EA Thinks PS4/Xbox One Hardware Upgrades Are "Great for the Industry"

EA reiterates its excitement for the direction the console business is headed.


We've known for some time that enhanced versions of the PS4 and Xbox One were likely on the way, but with their official announcements finally coming in June, third-party companies have been freed up to discuss them. During a post-earnings conference call, Electronic Arts was asked about the impact of these new mid-cycle hardware upgrades and their effect on its business. The publisher thinks they'll be "great for the industry" and believes they play right into EA's hand.

"At a macro level, we're excited about what Sony and Microsoft have announced," EA CEO Andrew Wilson said. "The reality for us is, again, in a networked world, liquidity of players is really, really important. What we've seen over the last decade or more with respect to PC gamers is that community has continued to grow. And it's grown in a world where the hardware refresh cycle has been disconnected from the software refresh cycle. And what that's meant is that, irrespective of what kind of device you have within kind of a 7-10 year timeframe, you're able to play with a much, much bigger global community."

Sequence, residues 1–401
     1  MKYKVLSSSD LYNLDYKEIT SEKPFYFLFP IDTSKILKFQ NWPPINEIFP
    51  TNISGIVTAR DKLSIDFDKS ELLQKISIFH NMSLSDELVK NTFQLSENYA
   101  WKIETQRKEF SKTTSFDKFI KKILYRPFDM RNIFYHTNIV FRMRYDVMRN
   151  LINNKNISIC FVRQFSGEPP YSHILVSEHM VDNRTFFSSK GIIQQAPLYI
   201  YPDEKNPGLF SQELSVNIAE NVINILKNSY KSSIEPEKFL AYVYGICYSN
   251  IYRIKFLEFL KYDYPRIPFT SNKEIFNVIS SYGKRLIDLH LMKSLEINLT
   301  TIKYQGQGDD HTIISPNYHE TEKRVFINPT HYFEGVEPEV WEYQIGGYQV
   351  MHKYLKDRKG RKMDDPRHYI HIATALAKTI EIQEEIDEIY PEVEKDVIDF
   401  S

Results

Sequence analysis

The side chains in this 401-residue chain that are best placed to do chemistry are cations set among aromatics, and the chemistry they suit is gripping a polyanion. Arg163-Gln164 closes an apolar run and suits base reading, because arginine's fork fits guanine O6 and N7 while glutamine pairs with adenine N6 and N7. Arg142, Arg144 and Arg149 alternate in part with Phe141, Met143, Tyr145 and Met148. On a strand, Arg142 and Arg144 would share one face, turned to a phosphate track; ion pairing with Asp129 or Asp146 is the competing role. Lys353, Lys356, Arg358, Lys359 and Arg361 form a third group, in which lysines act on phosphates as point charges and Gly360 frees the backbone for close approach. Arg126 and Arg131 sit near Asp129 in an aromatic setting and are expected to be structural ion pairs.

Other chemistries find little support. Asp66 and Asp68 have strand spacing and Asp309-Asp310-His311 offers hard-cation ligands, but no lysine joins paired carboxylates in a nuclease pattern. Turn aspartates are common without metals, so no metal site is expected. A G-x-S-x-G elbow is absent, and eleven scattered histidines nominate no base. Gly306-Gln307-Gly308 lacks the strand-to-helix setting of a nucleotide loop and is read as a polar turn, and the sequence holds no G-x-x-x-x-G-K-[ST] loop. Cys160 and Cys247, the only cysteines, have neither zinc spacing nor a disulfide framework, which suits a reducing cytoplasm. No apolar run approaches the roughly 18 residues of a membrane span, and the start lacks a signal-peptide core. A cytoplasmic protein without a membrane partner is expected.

That's the type of scenario we're now entering with consoles, where the lines between one generation and the next are blurred (if not entirely removed).

"What we see now with ... the mid-cycle refresh is that's only going to enhance the size and engagement levels inside the communities," Wilson continued. "For us, as a publisher, we're in a very strong place. We've been building across platform and across console and for scalable architectures like PC for some time. So the notion that we would build once an experience that can scale up and down across an entire spectrum of consoles, whether the first phase, second phase, or the third phase over time, is not something that's foreign to us, and [is] something we're very energized about because, again, I think we have strength in a networked world. And we have strength where there's a requirement to build these scaled experiences that keep players connected."

While Wilson certainly didn't pass up the opportunity to convince investors and analysts that EA is well-positioned for this new era of console gaming, he also suggested this shift will be a positive for the entire industry.

"On balance, we think this is great for the industry," he said. "It will almost certainly extend the console cycle almost an infinite level if we get to the point where there's just constant hardware upgrades and constant software upgrades. But we are able, through the scaling of our games, to keep the community always together."

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EA had previously shared some positive comments on the new hardware, as did Ubisoft, which said, "The beautiful thing is it will not split the communities." Take-Two also seems optimistic, saying a smartphone-esque upgrade cycle "would be very good for" it.

The first component of this new hardware cycle, the Xbox One S, launched this week. Despite Microsoft's previous suggestions otherwise, it does provide improved performance in many (but not all) existing games. It is, however, a relatively small step forward--Project Scorpio and the PS4 Neo will mark a more significant step toward ending the traditional console cycle.

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